Caring for Our Children (CFOC)

Chapter 5: Facilities, Supplies, Equipment, and Environmental Health

5.2 Quality of the Outdoor and Indoor Environment

5.2.7 Sewage and Garbage Containment of Soiled Diapers

Content in the STANDARD was modified on 8/9/2017.


Soiled diapers (disposable and cloth), and training pants should be stored inside the facility in containers separate from other waste. A secure, hands-free, plastic-lined container with firmly fitting and tightly covered lid, that does not require touching with contaminated hands or objects, should be provided, within arm’s reach of diaper changing tables, to store soiled diapers (1,2). The container for soiled diapers should be designed to prevent the user from contaminating any exterior surfaces of the container or the user when inserting the soiled diaper (1,2). Soiled disposable diapers do not have to be individually bagged before placing them in the container for soiled diapers. Soiled cloth diapers and soiled clothing that are to be sent home with a parent/guardian, however, should be individually bagged (2).

The following types of diaper containers should not be used;
a.    Those that require the user’s hand to push the diaper through a narrow opening;
b.    Those with exterior surfaces that must be touched with the hand;
c.     Those with exterior surfaces that are likely to be touched with the soiled diaper while the user is discarding the soiled diaper;
d.    Those that have lids with handles.
Separate containers should be used for disposable diapers, cloth diapers (if used), and soiled clothes and linens. All containers should be inaccessible to children and should be tall enough to prevent children reaching into the receptacle or from falling headfirst into containers (1,2). The containers should be placed in an area that children cannot enter without close adult supervision (1,2).

Separate, plastic-lined waste receptacles that do not require touching with contaminated hands or objects and that children cannot access enclose odors within, and prevent children from coming into contact with body fluids. Anything that increases handling increases potential for contamination (1,2). Step cans or other hands-free cans with tightly fitted lids provide protection against odor and hand contamination.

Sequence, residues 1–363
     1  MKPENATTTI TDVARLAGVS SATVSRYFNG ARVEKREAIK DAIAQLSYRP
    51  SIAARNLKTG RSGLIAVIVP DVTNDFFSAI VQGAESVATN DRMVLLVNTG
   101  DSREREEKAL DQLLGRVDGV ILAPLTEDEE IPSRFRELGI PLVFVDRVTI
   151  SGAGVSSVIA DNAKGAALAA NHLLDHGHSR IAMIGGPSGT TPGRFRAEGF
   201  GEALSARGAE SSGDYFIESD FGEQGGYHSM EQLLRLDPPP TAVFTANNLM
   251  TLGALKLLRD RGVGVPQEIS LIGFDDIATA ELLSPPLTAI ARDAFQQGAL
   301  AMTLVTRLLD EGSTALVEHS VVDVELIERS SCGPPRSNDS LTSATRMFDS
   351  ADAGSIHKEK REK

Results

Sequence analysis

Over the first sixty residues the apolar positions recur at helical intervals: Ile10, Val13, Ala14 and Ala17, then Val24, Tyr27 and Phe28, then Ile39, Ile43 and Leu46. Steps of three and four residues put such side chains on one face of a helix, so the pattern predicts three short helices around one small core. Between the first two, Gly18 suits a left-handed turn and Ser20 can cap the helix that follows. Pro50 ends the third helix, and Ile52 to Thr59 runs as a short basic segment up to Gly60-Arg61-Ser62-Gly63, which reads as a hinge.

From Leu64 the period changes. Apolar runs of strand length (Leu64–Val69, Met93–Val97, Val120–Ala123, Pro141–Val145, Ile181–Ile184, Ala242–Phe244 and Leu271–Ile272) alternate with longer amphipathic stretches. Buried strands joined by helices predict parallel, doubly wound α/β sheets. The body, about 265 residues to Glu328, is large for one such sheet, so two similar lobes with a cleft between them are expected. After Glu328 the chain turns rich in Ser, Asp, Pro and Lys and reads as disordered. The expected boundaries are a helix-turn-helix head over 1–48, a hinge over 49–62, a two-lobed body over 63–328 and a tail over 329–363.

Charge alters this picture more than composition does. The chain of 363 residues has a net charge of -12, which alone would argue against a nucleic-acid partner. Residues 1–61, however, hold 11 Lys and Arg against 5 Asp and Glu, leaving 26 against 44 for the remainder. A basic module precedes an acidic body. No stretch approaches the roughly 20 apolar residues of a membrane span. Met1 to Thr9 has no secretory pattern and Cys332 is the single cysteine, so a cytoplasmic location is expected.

Fecal material and urine should not be mixed with regular trash and garbage. Where possible, soiled disposable diapers should be disposed of as biological waste rather than in the local landfill. In some areas, recycling depots for disposable diapers may be available. The facility should not use the short, poorly made domestic step cans that require caregivers/teachers to use their hands to open the lids because the foot pedals don’t work. Caregivers/teachers will find it worthwhile to invest in commercial-grade step cans of sufficient size to hold the number of soiled diapers the facility collects before someone can remove the contents to an outside trash receptacle. These are the types used by doctor’s offices, hospitals, and restaurants. A variety of sizes and types are available from restaurant and medical wholesale suppliers. Other types of hands-free containers can be used as long as the user can place the soiled diaper into the receptacle without increasing contact of the user’s hands and the exterior of the container with the soiled diaper.
Center, Early Head Start, Head Start, Large Family Child Care Home, Small Family Child Care Home
RELATED STANDARDS Type of Diapers Worn Handling Cloth Diapers Diaper Changing Procedure Procedure for Changing Children’s Soiled Underwear, Disposable Training Pants and Clothing Prevention of Exposure to Blood and Body Fluids
  1. American Academy of Pediatrics. Managing infectious diseases in child care and schools: A quick reference guide. Aronson SS, Shope TR, eds. 4th ed. Elk Grove Village, IL; 2017.
  2. American Academy of Pediatrics. Infections Spread by the Fecal-Oral Route In: Kimberlin DW, Brady MT, Jackson MA, Long SS, eds. Red Book: 2018 Report of the Committee on Infectious Diseases. 31st Edition. Itasca, IL:  American Academy of Pediatrics; 2018: 143

Content in the STANDARD was modified on 8/9/2017.